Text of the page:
Thursday, November 18, 2010

The man from Patensie


I did not know there really was such a place.

When we pulled into the grassy seaside camp ground at Storms River, near Plettenberg Bay, with big waves beating right there on the rocks, and fine salt haze in the air, we parked the 4 x 4 in our allocated empty space on the seafront. On our left was a small-small, red car and its two room tent, outside of which three girls were lying on a blanket. One of them was black - and she was the one and only black person I saw camping on the whole trip. I hope this changes.


On our right was a big BMW roadbike and its one man tent.

And now I have no recollection of how I found out that the man for the tent was from Patensie. I think I greeted him from our camp stand. He was sitting alone on a little campstool, watching his fire. Later he ate from crafty little stainless steel containers that packed back into one another. It was one of the few nights that we did not eat chops, and I boiled pasta over the fire in a heavy cast iron pot, and made sauce in the heavy cast iron frying pan. It seemed to me that he sniffed our smells appreciatively. Rosemary. Lekker. Even later he read a book by headlamplight, his elbows resting on his knees, his back bent, his head down.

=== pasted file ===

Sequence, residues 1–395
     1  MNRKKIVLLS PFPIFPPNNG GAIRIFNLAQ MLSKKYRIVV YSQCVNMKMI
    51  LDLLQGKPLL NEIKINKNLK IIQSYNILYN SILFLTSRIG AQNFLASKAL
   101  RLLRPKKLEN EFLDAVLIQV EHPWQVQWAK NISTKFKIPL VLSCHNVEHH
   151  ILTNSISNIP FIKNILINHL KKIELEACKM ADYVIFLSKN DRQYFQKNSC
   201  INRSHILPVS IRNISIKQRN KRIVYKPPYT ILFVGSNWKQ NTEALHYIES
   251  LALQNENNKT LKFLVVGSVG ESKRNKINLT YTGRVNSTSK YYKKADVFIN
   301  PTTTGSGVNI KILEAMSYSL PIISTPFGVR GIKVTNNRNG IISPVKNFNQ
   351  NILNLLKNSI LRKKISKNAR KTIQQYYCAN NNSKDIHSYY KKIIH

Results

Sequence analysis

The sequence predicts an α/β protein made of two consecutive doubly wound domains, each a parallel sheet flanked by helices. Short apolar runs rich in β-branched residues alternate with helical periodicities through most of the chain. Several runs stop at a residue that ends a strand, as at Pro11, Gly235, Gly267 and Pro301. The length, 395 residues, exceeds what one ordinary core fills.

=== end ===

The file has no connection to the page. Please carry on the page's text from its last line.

But before that, when it was still light, I think I must have asked in Afrikaans - as the vast majority of the campers we encountered were Afrikaans,  where he had come from. Or perhaps he asked me. I think he said about himself that he was on his way home,  and then I think he said that he was from Patensie.


Vince is far less interested than I am in people. I look at them and wonder who and what and where and why. I wonder out loud. Vince looks at landscapes. I was interested in the man from Patensie. It was a massive roadbike. He was self sufficient. I wanted to know what Patensie looked like, and what happens there and why he left and how long he'd been riding, and why he was alone, and did he like it, was it maybe better, in a way, alone, because you think different thoughts? And what was he reading? And what did he eat for supper, and did he buy along the way, or pack real, freeze dried camp food? And where exactly was Patensie?

But I didn't ask those those things. I didn't invite him over for a glass of wine. Maybe he was glad. Maybe he would have liked to have been invited. Maybe he hated questions. Maybe he wished someone would ask him some. The truth is I think of a lot of questions but rarely ask them, if ever. I think he kept half an eye on us, and I kept half an eye on him, to see what he was doing. Vince looked at the waves, and later, the stars.

When we left I said Tot siens and Ry Veilig, and he smiled and waved us goodbye. 

When we got home, two days later, I googled Patensie. I wonder if he is there now.
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